Deputy General Secretary, UNI Global Union
In the United States, German industry leader Deutsche Telekom opposes all efforts of the employees of its subsidiary T-Mobile USA to create a union at their worksite. (In the United States, workers may be represented by a union only in those workplaces where a majority support unionisation.)
When asked by ver.di and international union supporters to stop its hostility towards unions in the United States, the company has responded that it will not stop its campaign. WHY? Because to do so would interfere with its “right to free speech” guaranteed under the United States Constitution.
As attorneys, we are offended that such a highly prized right is being relied upon to justify inherently intimidating speech aimed at scaring workers from exercising their freedom to associate in a union. The “right to free speech” is a civil liberty intended to protect unpopular speech from punishment by the government and to encourage widespread and open debate. Instead, Deutsche Telekom proposes to use it as a shield to prevent an honest discussion about the benefits of unions.
Deutsche Telekom has not hesitated to limit its employees’ speech and communication if it involves support for the union. Its employees were forbidden to speak about the union on work time. Union pamphlets were removed from non-work areas of the worksite in order to prevent workers from access to information.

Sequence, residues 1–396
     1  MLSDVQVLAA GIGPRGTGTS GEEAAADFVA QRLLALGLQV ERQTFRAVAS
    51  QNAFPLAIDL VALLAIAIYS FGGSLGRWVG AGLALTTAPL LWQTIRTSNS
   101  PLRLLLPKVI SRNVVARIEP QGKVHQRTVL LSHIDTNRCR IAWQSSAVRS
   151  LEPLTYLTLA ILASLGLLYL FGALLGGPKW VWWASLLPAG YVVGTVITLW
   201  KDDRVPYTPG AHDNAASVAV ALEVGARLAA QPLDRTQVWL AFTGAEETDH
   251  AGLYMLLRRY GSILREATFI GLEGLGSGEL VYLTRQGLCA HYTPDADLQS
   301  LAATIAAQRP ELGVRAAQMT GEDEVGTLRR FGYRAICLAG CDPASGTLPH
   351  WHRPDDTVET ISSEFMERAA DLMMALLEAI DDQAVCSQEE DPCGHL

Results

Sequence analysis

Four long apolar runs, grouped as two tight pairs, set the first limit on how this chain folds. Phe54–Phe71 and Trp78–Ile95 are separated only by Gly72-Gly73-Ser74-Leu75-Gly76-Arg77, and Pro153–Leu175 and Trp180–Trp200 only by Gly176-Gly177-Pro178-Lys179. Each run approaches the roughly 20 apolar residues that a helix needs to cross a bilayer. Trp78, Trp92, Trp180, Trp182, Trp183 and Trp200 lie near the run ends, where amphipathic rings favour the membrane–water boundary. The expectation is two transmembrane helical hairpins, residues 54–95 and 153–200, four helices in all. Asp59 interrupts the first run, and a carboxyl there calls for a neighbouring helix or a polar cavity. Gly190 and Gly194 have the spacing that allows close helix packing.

Against this background of rules relating to speech at work, T-Mobile recently insisted that its own supervisors tell the workers that the company opposes the union. Day after day, in individual conversations and group meetings, they warned that the outsider union will destroy the relationship with management, that a union may lead to strikes and that dues will be high.
Before two recent elections to decide whether the workers would have a union, the company required all of its employees to come to a mandatory meeting (even those who were out on vacation) in order to hear a presentation against the union. In one case, the company did not invite three employees who were known union supporters in order to ensure that no one expressed a contrary opinion at the mandatory meeting. The presentation included direct personal attack on the most outspoken union leader who was not even there to defend himself. Is this freedom of speech? A fair and robust discussion of the issues?
Surprisingly, the company still argues that any limit on this conduct would violate its own right to say whatever it wants at any time, unless prohibited by law.
International labor standards prohibit employer “interference” with a workers’ decision about whether to choose a union. We believe that such relentless pressure on workers amounts to interference, in violation of international standards. But whether or not such interference violates any law or standard, clearly, Deutsche Telekom could and should limit its own speech in order to allow the workers a free choice.
We expect better from Deutsche Telekom.